Reading to Preschoolers Falls Short on the Road to Literacy
What matters is reading with your child and doing it often.
Posted December 3, 2015
Three-quarters of middle-class parents read to their preschool children at least 5 days a week. To many, it’s as important and routine as personal hygiene. Yet many parents need encouragement to keep at it because their children don’t always seem tuned in. Parents believe that regular reading leads to higher reading—and eventually writing—achievement and research supports them, just as it does their belief that it engenders positive attitudes toward reading as an activity, and as a motivator in learning to read.
But being read to is not the same as being read with. Shared reading (sometimes called ‘lap reading’), where the parent and child engage together in a conversation about how to understand and mutually enjoy what is on the printed page with the ultimate goal of turning the printed word into its spoken counterpart, belongs to the larger and more productive world of family literacy where language is taught wherever and whenever it matters. It starts with joint attention to illustrations and leads straight to phonemic awareness of what is in print.
Here are my favorite reasons to read with your child daily:
- Literacy promotion. From tactile books to first chapter books, parents can edit and customize the text to fit the child’s interest, mood and curiosity about what is on the page. That is how they support their child’s innate interest in the printed symbols we use to capture meaning and intent in our written communication.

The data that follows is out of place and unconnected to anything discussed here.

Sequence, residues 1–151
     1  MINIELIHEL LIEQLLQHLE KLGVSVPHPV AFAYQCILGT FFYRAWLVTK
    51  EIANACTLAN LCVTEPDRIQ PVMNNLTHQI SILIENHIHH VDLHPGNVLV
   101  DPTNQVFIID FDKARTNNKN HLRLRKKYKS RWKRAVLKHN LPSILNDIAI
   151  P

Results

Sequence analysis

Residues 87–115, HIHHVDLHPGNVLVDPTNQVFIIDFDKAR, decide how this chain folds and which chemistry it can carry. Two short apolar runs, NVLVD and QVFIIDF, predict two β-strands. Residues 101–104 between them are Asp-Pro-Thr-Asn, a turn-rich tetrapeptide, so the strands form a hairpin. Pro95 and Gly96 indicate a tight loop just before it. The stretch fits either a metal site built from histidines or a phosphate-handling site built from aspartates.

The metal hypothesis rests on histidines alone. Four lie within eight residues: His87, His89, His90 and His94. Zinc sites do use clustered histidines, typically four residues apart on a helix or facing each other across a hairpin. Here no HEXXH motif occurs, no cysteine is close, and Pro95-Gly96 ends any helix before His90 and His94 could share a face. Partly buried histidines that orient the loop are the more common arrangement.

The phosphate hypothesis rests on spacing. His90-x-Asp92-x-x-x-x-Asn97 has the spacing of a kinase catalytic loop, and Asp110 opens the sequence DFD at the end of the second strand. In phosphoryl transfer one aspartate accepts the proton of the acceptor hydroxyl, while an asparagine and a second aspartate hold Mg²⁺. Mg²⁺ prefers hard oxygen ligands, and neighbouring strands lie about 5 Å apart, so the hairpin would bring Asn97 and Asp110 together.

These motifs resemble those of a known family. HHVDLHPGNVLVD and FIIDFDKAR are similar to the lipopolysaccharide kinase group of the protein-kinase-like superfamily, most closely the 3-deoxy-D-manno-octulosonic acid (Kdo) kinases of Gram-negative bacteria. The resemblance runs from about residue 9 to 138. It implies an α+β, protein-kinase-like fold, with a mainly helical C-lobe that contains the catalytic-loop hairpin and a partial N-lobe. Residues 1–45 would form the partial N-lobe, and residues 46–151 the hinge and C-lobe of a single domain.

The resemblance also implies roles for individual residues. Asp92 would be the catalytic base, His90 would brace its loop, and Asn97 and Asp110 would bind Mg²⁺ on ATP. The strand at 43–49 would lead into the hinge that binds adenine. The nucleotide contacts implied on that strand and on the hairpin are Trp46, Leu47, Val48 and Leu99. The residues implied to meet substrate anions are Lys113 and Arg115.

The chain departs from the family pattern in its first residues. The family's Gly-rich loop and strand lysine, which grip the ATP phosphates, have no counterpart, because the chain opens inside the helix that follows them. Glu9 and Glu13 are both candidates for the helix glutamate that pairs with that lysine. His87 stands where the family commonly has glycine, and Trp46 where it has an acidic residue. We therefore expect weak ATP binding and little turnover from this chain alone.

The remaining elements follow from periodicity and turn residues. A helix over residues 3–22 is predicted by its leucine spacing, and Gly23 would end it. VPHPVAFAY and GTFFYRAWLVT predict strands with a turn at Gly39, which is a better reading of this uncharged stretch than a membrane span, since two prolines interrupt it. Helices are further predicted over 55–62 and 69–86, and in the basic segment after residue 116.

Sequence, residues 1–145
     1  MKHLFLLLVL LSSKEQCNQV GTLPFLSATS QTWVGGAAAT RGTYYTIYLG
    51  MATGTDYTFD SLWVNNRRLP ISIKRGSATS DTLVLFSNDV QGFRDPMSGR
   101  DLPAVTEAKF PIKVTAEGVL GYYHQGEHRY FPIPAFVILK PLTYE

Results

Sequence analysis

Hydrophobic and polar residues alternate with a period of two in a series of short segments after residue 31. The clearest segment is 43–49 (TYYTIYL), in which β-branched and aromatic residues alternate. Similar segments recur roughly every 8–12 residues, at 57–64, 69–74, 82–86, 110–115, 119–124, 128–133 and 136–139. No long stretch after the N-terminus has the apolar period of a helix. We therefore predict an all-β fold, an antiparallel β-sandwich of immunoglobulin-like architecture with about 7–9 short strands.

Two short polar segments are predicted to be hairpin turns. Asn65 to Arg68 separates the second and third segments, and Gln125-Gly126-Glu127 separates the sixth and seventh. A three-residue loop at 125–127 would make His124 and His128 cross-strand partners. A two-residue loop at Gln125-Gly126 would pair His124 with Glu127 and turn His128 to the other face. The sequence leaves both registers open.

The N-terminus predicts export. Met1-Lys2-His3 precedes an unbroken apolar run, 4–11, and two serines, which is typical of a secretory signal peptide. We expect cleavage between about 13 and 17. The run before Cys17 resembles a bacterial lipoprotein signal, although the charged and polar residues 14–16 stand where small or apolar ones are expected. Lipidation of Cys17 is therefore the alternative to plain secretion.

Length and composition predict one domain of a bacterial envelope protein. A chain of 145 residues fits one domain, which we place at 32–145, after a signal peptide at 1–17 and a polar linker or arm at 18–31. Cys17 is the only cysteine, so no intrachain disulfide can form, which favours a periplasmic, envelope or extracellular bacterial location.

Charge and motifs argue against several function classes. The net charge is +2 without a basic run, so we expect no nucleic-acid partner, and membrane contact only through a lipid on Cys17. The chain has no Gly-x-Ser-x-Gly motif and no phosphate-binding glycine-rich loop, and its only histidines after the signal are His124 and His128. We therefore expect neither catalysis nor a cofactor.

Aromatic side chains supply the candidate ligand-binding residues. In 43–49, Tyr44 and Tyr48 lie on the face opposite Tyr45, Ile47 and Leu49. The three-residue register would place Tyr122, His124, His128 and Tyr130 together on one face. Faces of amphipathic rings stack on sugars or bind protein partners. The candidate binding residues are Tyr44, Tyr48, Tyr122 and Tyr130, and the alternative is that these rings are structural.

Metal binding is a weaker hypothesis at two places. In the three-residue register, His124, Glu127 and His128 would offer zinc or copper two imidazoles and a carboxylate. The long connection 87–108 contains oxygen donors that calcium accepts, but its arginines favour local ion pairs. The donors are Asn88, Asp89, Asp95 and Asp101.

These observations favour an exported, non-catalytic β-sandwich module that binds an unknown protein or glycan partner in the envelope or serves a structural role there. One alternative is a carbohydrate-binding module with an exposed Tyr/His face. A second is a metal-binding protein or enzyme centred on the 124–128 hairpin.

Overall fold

- Focused social interaction. As the child sits on the parent’s lap, the parent feels the child settle, alert, get bored, back up, lean in—all part of the reciprocal conversation the child and parent have in the moment. This ‘serve and return’ learning is a favorite of the growing brain which prefers it over other kinds of stimulation, because being connected emotionally and synaptically allows the parent to use that information to tune in precisely to what interests his child about what’s on the page
- Intimacy. The physical and emotional closeness of shared reading/shared attention lowers levels of stress hormones (especially in the adult) and settles both generations down. Can you name a healthier moment of the parent’s day?
- Entertainment. The delight that comes with the turn of the page, echoing of an intentional sound, desire to repeat a particular page, search for a favorite illustration, or closing the book with a ‘slap!’ (our son’s favorite) all guaranteed shared enjoyment for a few moments of every day.
- Stimulating cognitive growth. In those first thousand days, the brain grows faster than it ever will again, and regular manageable intellectual stimulation encourages growth of connections between parts of the brain responsible for memory, emotion, problem-solving, thinking and behavior regulation. Shared reading reaches across each of these growth centers, connecting them for good.
Dads, moms, other family members, tablets, eReaders are all credible variations on the shared reading syllabus, and each adds an interesting wrinkle that potentially strengthens these reasons — as long as there is always a lap for the reading.
Dr. Kyle Pruett is a Clinical Professor of Child Psychiatry at the Yale School of Medicine and Educational Advisory Board member for The Goddard School, an early childhood education franchise and leading preschool teaching learning through play (www.goddardschool.com).